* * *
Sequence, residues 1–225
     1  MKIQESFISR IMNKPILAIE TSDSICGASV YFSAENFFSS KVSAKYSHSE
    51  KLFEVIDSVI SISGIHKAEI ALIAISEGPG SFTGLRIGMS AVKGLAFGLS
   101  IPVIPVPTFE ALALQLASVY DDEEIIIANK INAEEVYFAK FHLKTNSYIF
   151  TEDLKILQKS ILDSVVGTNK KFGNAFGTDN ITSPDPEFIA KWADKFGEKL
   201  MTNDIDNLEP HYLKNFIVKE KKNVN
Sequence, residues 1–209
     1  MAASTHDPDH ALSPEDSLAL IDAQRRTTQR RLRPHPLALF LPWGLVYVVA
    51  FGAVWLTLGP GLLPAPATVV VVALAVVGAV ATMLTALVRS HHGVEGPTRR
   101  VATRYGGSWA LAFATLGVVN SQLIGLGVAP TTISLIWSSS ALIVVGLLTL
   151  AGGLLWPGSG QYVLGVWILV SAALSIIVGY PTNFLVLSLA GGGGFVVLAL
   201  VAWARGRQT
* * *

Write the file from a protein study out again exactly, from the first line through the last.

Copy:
Sequence, residues 1–225
     1  MKIQESFISR IMNKPILAIE TSDSICGASV YFSAENFFSS KVSAKYSHSE
    51  KLFEVIDSVI SISGIHKAEI ALIAISEGPG SFTGLRIGMS AVKGLAFGLS
   101  IPVIPVPTFE ALALQLASVY DDEEIIIANK INAEEVYFAK FHLKTNSYIF
   151  TEDLKILQKS ILDSVVGTNK KFGNAFGTDN ITSPDPEFIA KWADKFGEKL
   201  MTNDIDNLEP HYLKNFIVKE KKNVN
Sequence, residues 1–209
     1  MAASTHDPDH ALSPEDSLAL IDAQRRTTQR RLRPHPLALF LPWGLVYVVA
    51  FGAVWLTLGP GLLPAPATVV VVALAVVGAV ATMLTALVRS HHGVEGPTRR
   101  VATRYGGSWA LAFATLGVVN SQLIGLGVAP TTISLIWSSS ALIVVGLLTL
   151  AGGLLWPGSG QYVLGVWILV SAALSIIVGY PTNFLVLSLA GGGGFVVLAL
   201  VAWARGRQT